Quote Originally Posted by Trainrex
    He was throwing balloons filled with sulfuric acid and shrapnel at the swat team. They finally had to take him down with rubber bullets.
    2011 STi Build Log
    -Part 1 - Reading, Data Logging, and Analyzing Data
    -Part 2 - Turbocharger 101 & Basic Boost Control
    -Part 3 - EcuFlash, Experimental Defintions, and a Drive By Wire Intro

  5. #4
    Moderator rage-wrx's Avatar
    Join Date
    Aug 2010
    Location
    Yonkers/NYC
    Posts
    10,717
    I Support ClubWRX
    Zach, I am shocked you would post something like this. This belongs on Stance Nation

    But seriously, great article.
    T0ny
    2011 WRX
    2012 FXT

    The Big 2011/2012 Mod Thread


    Ooh,hang on. That is the throb of a turbocharged flat four engine. A sound which,all over the world,heralds the imminent arrival of a moron - JC.

  6. #5
    and the Funky Bunch Calvinball's Avatar
    Join Date
    Jan 2012
    Location
    Philly Area
    Posts
    5,902
    Zach, it makes me sad that you posted this...





    because I'm locked out from repping you again.
    - Will
    First Mods: What to do and what not to do
    Current Car: 2014 Golf TDI
    Previous Cars:2012 WRB WRX Hatch, 2004 RSX-S, 1998 Grand Prix GTP
    "Isn't it amazing how smart you feel when you just aren't being stupid?"

  7. #6
    Dimensional Drifter Rambo's Avatar
    Join Date
    Oct 2010
    Location
    Planet Express
    Posts
    4,669
    I Support ClubWRX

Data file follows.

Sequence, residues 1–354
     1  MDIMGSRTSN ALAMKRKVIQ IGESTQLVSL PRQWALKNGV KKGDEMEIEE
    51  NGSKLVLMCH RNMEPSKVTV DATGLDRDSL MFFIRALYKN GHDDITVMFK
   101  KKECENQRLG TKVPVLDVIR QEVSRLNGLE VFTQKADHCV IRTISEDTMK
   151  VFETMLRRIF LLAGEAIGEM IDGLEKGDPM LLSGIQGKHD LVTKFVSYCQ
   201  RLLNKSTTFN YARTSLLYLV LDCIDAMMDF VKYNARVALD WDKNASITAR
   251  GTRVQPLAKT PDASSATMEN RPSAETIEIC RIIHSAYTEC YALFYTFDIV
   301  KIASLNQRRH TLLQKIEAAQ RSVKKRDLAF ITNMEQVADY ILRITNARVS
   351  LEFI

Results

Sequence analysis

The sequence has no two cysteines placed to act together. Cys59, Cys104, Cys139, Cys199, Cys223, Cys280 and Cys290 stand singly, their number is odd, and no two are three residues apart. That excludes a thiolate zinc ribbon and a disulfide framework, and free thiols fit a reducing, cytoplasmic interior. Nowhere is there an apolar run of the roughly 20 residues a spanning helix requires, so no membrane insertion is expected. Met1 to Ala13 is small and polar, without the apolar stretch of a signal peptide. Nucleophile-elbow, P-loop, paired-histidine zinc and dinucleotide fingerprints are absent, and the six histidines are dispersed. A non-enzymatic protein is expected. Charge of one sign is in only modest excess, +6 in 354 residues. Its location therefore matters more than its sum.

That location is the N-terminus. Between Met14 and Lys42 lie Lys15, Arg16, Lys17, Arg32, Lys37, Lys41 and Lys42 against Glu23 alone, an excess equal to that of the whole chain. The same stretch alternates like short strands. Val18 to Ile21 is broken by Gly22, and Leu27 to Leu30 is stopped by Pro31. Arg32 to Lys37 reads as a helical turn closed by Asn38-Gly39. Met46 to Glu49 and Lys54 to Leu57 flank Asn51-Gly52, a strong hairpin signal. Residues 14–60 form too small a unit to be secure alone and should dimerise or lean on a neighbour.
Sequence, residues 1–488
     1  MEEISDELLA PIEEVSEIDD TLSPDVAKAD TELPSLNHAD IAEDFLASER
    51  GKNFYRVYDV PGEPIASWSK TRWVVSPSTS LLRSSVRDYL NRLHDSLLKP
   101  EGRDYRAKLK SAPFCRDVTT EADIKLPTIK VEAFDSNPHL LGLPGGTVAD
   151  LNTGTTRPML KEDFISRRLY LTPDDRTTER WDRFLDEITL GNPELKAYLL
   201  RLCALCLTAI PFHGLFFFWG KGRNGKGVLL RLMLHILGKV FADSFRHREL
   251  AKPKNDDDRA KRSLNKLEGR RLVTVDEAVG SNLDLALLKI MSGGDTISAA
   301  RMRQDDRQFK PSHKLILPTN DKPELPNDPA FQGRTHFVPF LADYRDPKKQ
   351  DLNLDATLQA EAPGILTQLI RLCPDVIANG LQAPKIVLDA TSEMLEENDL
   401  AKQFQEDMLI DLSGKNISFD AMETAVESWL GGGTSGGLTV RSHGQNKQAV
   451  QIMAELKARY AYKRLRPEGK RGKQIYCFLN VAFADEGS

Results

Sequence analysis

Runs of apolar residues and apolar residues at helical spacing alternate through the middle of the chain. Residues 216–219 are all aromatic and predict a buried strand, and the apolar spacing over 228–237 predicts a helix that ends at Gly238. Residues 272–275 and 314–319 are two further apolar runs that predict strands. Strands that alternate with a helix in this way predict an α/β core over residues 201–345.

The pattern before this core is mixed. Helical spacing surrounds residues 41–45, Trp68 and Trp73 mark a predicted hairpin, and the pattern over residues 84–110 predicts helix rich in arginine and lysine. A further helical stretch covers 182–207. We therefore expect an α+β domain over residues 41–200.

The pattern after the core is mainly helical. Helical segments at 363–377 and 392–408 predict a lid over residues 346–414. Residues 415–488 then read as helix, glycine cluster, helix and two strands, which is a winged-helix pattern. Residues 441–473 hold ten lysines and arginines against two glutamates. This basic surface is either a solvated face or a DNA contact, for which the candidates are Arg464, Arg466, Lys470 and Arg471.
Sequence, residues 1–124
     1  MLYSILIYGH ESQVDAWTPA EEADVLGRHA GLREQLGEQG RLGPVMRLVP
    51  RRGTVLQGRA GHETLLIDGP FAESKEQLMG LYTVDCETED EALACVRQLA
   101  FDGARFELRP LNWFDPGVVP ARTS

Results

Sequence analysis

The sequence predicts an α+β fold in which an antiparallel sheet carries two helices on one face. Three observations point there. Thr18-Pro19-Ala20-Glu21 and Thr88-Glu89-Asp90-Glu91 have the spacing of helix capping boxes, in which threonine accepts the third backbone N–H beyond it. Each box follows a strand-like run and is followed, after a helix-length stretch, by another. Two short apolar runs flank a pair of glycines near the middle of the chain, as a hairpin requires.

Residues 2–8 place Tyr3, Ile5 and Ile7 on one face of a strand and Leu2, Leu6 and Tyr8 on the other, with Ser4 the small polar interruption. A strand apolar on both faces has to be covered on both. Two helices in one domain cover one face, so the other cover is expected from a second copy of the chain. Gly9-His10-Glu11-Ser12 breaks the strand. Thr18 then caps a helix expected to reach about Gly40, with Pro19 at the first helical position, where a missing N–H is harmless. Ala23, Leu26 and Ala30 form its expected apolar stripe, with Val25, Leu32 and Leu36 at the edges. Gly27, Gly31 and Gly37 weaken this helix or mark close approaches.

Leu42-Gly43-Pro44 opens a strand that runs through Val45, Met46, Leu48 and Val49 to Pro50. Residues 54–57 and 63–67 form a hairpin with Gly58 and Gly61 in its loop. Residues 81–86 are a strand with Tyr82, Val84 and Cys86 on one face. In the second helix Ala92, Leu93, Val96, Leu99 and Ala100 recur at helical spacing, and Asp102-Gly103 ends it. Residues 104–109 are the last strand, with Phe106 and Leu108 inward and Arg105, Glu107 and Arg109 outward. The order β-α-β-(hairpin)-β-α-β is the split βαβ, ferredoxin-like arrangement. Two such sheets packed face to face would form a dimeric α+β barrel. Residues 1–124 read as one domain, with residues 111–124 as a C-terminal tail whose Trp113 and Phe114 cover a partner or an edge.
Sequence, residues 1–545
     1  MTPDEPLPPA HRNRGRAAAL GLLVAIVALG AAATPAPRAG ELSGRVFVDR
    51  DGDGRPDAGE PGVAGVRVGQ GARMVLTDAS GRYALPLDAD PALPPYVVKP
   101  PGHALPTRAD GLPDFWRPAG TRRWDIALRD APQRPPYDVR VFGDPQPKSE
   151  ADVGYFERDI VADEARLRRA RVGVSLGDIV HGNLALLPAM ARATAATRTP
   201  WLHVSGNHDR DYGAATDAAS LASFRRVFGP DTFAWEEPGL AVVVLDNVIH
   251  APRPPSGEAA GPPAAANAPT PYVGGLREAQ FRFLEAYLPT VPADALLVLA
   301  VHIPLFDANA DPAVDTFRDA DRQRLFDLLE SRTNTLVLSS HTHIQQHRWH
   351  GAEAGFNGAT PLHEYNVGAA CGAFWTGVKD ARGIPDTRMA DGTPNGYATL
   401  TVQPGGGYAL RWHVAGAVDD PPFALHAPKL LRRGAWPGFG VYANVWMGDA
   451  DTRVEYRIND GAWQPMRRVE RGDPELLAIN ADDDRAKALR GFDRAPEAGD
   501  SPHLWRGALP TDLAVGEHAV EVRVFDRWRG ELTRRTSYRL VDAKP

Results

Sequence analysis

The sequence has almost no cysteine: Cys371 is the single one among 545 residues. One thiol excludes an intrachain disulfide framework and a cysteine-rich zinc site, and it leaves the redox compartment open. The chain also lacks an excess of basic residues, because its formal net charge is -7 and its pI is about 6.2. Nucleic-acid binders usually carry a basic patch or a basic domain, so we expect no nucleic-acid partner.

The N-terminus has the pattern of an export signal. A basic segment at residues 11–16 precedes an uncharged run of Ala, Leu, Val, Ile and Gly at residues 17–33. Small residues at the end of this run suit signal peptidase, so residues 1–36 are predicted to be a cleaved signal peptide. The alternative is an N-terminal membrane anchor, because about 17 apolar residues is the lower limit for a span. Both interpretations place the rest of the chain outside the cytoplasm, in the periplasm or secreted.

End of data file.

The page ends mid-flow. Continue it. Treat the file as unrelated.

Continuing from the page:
As a followup, if anyone is seriously interested in suspension design, we read this book during my college senior project designing SAE Forumula and Baja cars:
    Tune to Win: The art and science of race car development and tuning: Carroll Smith

    My senior project focused on driver ergonomics (seat design, controls layouts, etc), so I mostly skimmed this book, but the suspension design guys referenced it constantly.
    Isaac -- 2003 WRX sedan Stg II - Gave its life for mine 6/2013.
    2007 Outback 3.0R wagon
    Proud owner of a N.E.R.D, Member 1.38×10-23

    He who shall be last, shall be sideways and smiling... - Jeremy Clarkson

  8. #7
    Hell on Wheels Rodman's Avatar
    Join Date
    May 2012
    Location
    CT
    Posts
    217
    I Support ClubWRX
    Great info!
    Rod
    2014 WRX SWP Premium sedan
    Stink-Eye Mob #57
    "Just remember, with great power comes great responsibility" - rarrior

  9. #8
    Registered User Orestes85's Avatar
    Join Date
    Dec 2012
    Location
    NC
    Posts
    48
    I didn't see mention of anything about the heat of the tires, however. A wider tire will heat less quickly than a narrow tire. Ultimately you have to take both into consideration as a reasonably wider tire maybe be better for certain applications.
    The Turboturtle Build Log
    Spec Ops Motorsports
    ETS GTX3576r -- GSC S2 -- 9:1 Compression Motor

  10. #9
    Registered User oguitar's Avatar
    Join Date
    Nov 2009
    Location
    Albuquerque, New Mexico, United States
    Posts
    1,014
    Also wider tires increase rolling resistance.
    Life is like riding a bicycle in order to keep your balance you must keep moving.

  11. #10
    Registered User Ruh Roh's Avatar
    Join Date
    Dec 2011
    Location
    Pottstown PA
    Posts
    3,178
    good article

  12. #11
    Registered User xFalleNx's Avatar
    Join Date
    Nov 2010
    Location
    Voorhees, NJ
    Posts
    4,016
    My flat brimmed hat and 18x10 rimz say you're wrong and stupid. What do you know anyway?? A V6 accord is faster than your car.
    --Anthony 2011 DGM WRX stg2+sf intake WTFtuned

    Official Subie owner as of 01/10/11
    Stink Eye Mob #87

    Bye bye Bimmer
    Hellooo '11 REX

  13. #12
    Registered User Orestes85's Avatar
    Join Date
    Dec 2012
    Location
    NC
    Posts
    48
    Quote Originally Posted by xFalleNx View Post
    My flat brimmed hat and 18x10 rimz say you're wrong and stupid. What do you know anyway?? A V6 accord is faster than your car.